I remember you in moonlight, Dancing by the fire, You stretched your arms up to the sky - An intoxicating gyre. I strummed my old guitar, My voice rose higher, Oh, I remember you, Oh, I remember you… But we’re lost now in distant Seas of city lights, How many souls away? Will your soul brush up Against mine in this life? I’m singing for you now, As snow falls, in Santa Fe. I close my eyes and see you spinning ‘round, A love so close but never found. I don’t want to go back, I just want to hold your hand, And bring you with me here To this holy land. Oh, I remember you Oh, I used to share this world with you… Spinning ‘round, holy ground, A love so close but never found. Ooo, Spinning round, Ooo, holy ground… I remember you in moonlight, Dancing by the fire, You stretched your arms up to the sky - An intoxicating gyre. I strummed my old guitar, My voice rose higher, Oh, I remember you, Oh, I remember you…
One of my favorite things to do as a young child was to spin. There’s something magical about the sense of release, the sense of surrender, and even the dizzying disorientation afterwards. Sometimes I feel disoriented in the modern world, too. As a mom, as a songwriter, as an old soul… I know that things didn’t always feel so disconnected. I know that it didn’t used to be so hard to live into the longings of our souls.
I must confess I think quite a bit about past lives. I think there is some truth to that ancient understanding of the nature of things. In conversations with old-soul friends, and in reading about mysticism, past-life regression, and all, I have felt a pull to understand what my soul has been through. I long to remember who I was… and who we were… those of us who shared lives together, in the past.
I do know that my son and I have been through this all before. He told me when he was 3 and he and I were riding the metro through LA, that “Highland Park” was the name of the street he and I used to live on, out in the country, with lots of animals, including “baca’s.”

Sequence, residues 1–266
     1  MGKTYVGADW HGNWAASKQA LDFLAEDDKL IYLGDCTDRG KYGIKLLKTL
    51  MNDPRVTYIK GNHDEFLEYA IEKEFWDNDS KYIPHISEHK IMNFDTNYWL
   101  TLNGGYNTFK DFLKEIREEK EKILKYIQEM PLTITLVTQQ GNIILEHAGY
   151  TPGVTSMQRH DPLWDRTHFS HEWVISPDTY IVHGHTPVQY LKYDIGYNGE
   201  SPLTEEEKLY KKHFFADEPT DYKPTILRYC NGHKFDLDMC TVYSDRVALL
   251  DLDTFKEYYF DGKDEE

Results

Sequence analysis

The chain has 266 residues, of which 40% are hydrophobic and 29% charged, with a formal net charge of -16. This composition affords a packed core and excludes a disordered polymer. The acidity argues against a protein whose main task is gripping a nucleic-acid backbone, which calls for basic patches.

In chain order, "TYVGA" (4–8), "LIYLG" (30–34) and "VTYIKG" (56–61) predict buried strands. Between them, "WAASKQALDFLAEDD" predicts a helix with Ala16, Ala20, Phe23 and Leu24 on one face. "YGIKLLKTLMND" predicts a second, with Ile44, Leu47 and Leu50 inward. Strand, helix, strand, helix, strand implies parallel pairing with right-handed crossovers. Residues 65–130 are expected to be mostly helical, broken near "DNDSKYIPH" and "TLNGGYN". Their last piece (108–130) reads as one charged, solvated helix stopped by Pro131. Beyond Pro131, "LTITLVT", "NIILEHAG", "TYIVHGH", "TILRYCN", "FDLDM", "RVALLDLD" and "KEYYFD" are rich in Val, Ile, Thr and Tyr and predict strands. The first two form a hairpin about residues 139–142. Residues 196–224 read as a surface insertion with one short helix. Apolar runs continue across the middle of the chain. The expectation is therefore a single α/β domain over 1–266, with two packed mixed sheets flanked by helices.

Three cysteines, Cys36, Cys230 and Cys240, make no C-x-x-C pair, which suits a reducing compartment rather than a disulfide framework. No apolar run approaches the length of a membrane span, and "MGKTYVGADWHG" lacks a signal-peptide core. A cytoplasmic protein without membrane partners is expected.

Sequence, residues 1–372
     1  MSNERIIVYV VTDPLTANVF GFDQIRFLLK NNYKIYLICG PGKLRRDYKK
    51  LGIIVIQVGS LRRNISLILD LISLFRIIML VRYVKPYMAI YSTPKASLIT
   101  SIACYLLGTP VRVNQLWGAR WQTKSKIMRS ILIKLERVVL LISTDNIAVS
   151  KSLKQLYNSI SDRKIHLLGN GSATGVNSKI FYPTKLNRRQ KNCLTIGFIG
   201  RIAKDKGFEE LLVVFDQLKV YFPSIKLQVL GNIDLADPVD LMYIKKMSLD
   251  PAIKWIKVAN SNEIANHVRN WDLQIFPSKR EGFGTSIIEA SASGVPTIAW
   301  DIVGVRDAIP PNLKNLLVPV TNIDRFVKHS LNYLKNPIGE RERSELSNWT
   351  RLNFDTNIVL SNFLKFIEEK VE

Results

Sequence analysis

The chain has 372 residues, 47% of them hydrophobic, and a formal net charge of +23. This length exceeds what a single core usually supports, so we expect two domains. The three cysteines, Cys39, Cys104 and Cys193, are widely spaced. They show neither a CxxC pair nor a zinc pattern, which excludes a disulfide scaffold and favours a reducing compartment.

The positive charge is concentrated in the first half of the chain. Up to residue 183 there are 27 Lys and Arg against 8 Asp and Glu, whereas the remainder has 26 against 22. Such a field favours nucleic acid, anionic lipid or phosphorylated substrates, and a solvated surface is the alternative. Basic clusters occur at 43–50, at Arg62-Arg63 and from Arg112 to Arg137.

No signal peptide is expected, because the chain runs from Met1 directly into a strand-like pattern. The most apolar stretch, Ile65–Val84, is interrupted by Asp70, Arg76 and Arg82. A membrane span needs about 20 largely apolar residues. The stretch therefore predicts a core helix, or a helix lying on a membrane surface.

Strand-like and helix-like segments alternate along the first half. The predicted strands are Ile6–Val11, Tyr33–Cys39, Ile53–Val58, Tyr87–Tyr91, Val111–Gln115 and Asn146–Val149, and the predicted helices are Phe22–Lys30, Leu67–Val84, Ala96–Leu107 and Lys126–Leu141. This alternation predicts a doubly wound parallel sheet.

This Fall I was watching him dance around the house. He started tap dancing one day, like he knew exactly what he was doing, and said he just remembered it from seeing it one time, a year earlier, on the Muppet show. Another time I saw him spinning and dancing, with his hands in the air, snapping his fingers. I had been trying to figure out what kind of dance he might want to learn. When he did that, I immediately thought of Flamenco. Together, we watched a youtube video of a Flamenco festival in Spain. He started running around, bouncing off the walls, and shouting, “That’s my style! That’s my style!”
That’s when I realized we were in Santa Fe… and that we could probably find someplace to learn Flamenco around here. Not only did we find a Flamenco school, we found a concert to go to that very week. We were hooked.
And then, I started reading about Flamenco. I read that it came from the Roma people… often called Gypsies, who migrated from India throughout Europe, including Spain. It combined Hindu dances with Sephardic and Muslim musical and dance traditions, along with the traditional folk dance of Spain, and became a new, powerfully expressive form of music and dance. I had already sensed that my son’s old soul was recognizing Flamenco, from another life on this planet. But I didn’t realize which culture it came from. When I read that it came from the Roma people, I felt a sudden wave of shock. I felt faint – like I had just stepped into a “thin place” where I could almost reach out and touch a whole different reality.
I remembered conversations with an old-soul friend of mine, who told me that she had seen a past life we shared as gypsies. I had believed her, but it was her vision, not mine. Suddenly I could feel the truth of that vision, somewhere deep inside me. I felt the dizziness and disorientation of so many lives lived, mixing together, and that intense longing to be who I am, and to love who I love, from deep within my own, old soul.
As I wrote this song, I created a simple, extremely repetitive, cyclical chord pattern. There is very little journeying – there is just constant cycling, around, and around. I let myself tell a story from within my subconscious. I let words come without fact checking them, I just FELT them, inside my gut. And they felt true. As the song progressed, I let a few words rise up above the rest – “Holy ground … Spinning round …” and then, I returned to let the song cycle, again. It doesn’t feel like it ever ends.
Singing this song feels like ecstasy created from a spinning dance, a spinning globe, a spinning soul across so many lives. And it unearths a deep longing, like the longing I hear in the powerful Flamenco music, to find a connection of deep recognition – and a recognition of ancient love.
MB Bolin, The Mystic Bard
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